Judge Paul Corupe fell asleep, so we put his pinky in a bottle of warm beer to see if he'd wet his pants.
Our reviews of Christmas With SCTV (published November 30th, 2005), SCTV Network/90: Volume 1 (published June 1st, 2004), SCTV: Volume 2 (published September 29th, 2004), SCTV: Volume Three (published April 20th, 2005), and SCTV: Volume Four (published October 12th, 2005) are also available.
"What the what is this?"—Molly Earle (Robin Duke)
Easily one of the most influential and critically successful sketch comedy shows ever produced, SCTV was nothing short of a cataclysmic collision of mind-boggling talent. Who would have thought that this low-budget show, made up almost entirely of a small cabal of local talent from Hamilton, Ontario and filmed in the deep north of Edmonton, would make such a huge international splash?
Using a three-pronged humor attack consisting of subversive satire, outrageous slapstick, and tragically hilarious characters honed from the improvisational battleground of Toronto's Second City theater stage, SCTV spent eight years on the air championing the silly and the sublime. Taking their inspiration not from the obvious, broad, pop culture trends that ended up as fodder for less creative shows, the SCTV performers instead turned to the obscure and the unknown, spoofing the then-forgotten wasteland of late night TV, B-movies and minor celebrity. In this way, cast members Eugene Levy, Joe Flaherty, Andrea Martin, Catherine O'Hara, John Candy, Rick Moranis, Dave Thomas, Robin Duke, and Tony Rosato were able to transcend the original inspiration and create their own world of pure comedy that didn't require a knowledge of exactly what they were poking fun at.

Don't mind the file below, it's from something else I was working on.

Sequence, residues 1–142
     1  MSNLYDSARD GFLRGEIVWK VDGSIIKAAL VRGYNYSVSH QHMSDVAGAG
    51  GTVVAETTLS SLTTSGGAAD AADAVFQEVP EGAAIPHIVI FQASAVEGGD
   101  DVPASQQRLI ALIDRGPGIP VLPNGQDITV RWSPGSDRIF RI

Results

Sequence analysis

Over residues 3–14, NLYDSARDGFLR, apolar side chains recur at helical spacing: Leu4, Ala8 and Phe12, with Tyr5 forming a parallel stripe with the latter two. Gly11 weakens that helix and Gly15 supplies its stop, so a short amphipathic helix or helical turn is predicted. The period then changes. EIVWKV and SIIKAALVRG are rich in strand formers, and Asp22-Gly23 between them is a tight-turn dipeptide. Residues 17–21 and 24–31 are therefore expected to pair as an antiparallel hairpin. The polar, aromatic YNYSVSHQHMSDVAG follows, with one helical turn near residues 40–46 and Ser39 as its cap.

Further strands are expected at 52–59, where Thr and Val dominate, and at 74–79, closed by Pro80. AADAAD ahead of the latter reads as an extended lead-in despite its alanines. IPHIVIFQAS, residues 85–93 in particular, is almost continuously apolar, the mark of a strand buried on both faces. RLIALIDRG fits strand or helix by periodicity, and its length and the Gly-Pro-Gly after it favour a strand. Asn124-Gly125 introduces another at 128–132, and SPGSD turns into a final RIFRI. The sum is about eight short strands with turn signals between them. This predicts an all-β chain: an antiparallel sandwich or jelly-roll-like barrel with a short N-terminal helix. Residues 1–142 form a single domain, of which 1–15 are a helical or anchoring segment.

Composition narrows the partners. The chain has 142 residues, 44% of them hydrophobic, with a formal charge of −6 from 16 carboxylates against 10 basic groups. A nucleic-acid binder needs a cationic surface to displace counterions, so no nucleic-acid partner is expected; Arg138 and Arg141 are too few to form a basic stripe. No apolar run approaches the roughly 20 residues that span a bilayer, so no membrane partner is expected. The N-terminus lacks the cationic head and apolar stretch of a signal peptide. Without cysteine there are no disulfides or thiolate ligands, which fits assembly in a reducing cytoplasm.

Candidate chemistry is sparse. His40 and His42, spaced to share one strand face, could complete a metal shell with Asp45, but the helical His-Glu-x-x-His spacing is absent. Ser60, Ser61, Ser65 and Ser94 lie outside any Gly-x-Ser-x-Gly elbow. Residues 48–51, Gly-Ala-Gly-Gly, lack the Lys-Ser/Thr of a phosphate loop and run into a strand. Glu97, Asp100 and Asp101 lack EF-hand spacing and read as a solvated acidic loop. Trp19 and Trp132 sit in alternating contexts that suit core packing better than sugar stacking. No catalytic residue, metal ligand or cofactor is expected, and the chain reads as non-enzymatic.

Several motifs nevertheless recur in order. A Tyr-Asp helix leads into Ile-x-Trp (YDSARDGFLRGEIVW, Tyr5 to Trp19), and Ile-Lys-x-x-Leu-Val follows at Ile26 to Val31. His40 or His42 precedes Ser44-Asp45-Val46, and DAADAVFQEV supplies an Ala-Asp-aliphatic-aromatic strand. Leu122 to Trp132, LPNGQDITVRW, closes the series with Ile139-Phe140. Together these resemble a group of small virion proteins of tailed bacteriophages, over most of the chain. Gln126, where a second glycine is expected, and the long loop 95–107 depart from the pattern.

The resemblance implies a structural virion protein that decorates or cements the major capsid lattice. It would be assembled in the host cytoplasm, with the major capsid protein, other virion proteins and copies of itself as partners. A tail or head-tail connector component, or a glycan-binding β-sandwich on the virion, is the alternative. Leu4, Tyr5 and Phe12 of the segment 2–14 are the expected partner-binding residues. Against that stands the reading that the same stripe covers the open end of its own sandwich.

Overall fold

After blazing through four volumes of the show in its 90-minute SCTV: Network/90 incarnation on NBC, Shout! Factory has gone back to resurrect some of the troupe's earlier half-hour outings before they landed on a major U.S. network.
Facts of the Case
SCTV begins another broadcasting day from its humble little local station serving Melonville and the tri-state area. From "Sunrise Semester" to the late, late movie on "Monster Chiller Horror Theater," the show takes us through a condensed day's worth of promos, commercials, news and entertainment programs. We're also privy to a good deal of behind-the-scenes drama, as SCTV owner and president Guy Caballero (Joe Flaherty, Freaks and Geeks) and his station manager, Edith Prickley (Andrea Martin, My Big Fat Greek Wedding) deal with the headaches of running a TV station.
This set features 15 selected half-hour episodes from the second and third season of the show spread over three discs:
• "Municipal Election"
• "SCTV's 30th Anniversary Special"
• "On the Waterfront Again"
• "Thursday Night Live"
• "My Factory, My Self"
• Death Motel"
• "Play it Again, Bob"
• "The Sammy Maudlin Show"
• "Hollywood Salutes its Extras"
• "The Irwin Allen Show"
• "1984—Big Brother"
• "Two Way TV/Pit Bulls"
• "Midnight Express Special"
• "Dick Cavett"
While SCTV's little seen, limited run on American TV often gets the show pegged as a "cult classic," for Canadians like myself, the show is nothing short of a national institution. In fact, reruns continue to regularly appear on Canadian TV today. Partly because the majority of the cast and crew were Canadians, but also because the Great White North still has a strong connection with the show. These 15 30-minute episodes, which first aired on Canada's national broadcaster CBC, aren't the best the oft-brilliant sketch comedy show has to offer. But they still represent an essential chapter of the celebrated sketch comedy show's amazing run.